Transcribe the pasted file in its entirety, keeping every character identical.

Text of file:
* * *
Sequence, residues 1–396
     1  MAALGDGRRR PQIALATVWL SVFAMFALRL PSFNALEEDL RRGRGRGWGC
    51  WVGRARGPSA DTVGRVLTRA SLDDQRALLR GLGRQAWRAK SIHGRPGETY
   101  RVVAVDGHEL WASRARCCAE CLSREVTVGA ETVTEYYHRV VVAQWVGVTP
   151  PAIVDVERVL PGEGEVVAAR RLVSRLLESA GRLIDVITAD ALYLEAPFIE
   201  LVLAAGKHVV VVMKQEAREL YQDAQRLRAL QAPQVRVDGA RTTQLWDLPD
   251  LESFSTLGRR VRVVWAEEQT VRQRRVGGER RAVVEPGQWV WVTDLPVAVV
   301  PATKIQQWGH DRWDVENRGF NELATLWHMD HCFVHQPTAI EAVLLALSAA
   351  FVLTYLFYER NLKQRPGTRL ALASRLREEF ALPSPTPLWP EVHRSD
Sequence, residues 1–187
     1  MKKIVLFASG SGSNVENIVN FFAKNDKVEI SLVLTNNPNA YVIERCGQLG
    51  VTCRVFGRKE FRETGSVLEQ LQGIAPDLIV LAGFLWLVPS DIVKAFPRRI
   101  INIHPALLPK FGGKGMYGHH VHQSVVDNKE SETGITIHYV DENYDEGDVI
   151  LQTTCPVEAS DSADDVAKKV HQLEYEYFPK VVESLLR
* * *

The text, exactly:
Sequence, residues 1–396
     1  MAALGDGRRR PQIALATVWL SVFAMFALRL PSFNALEEDL RRGRGRGWGC
    51  WVGRARGPSA DTVGRVLTRA SLDDQRALLR GLGRQAWRAK SIHGRPGETY
   101  RVVAVDGHEL WASRARCCAE CLSREVTVGA ETVTEYYHRV VVAQWVGVTP
   151  PAIVDVERVL PGEGEVVAAR RLVSRLLESA GRLIDVITAD ALYLEAPFIE
   201  LVLAAGKHVV VVMKQEAREL YQDAQRLRAL QAPQVRVDGA RTTQLWDLPD
   251  LESFSTLGRR VRVVWAEEQT VRQRRVGGER RAVVEPGQWV WVTDLPVAVV
   301  PATKIQQWGH DRWDVENRGF NELATLWHMD HCFVHQPTAI EAVLLALSAA
   351  FVLTYLFYER NLKQRPGTRL ALASRLREEF ALPSPTPLWP EVHRSD
Sequence, residues 1–187
     1  MKKIVLFASG SGSNVENIVN FFAKNDKVEI SLVLTNNPNA YVIERCGQLG
    51  VTCRVFGRKE FRETGSVLEQ LQGIAPDLIV LAGFLWLVPS DIVKAFPRRI
   101  INIHPALLPK FGGKGMYGHH VHQSVVDNKE SETGITIHYV DENYDEGDVI
   151  LQTTCPVEAS DSADDVAKKV HQLEYEYFPK VVESLLR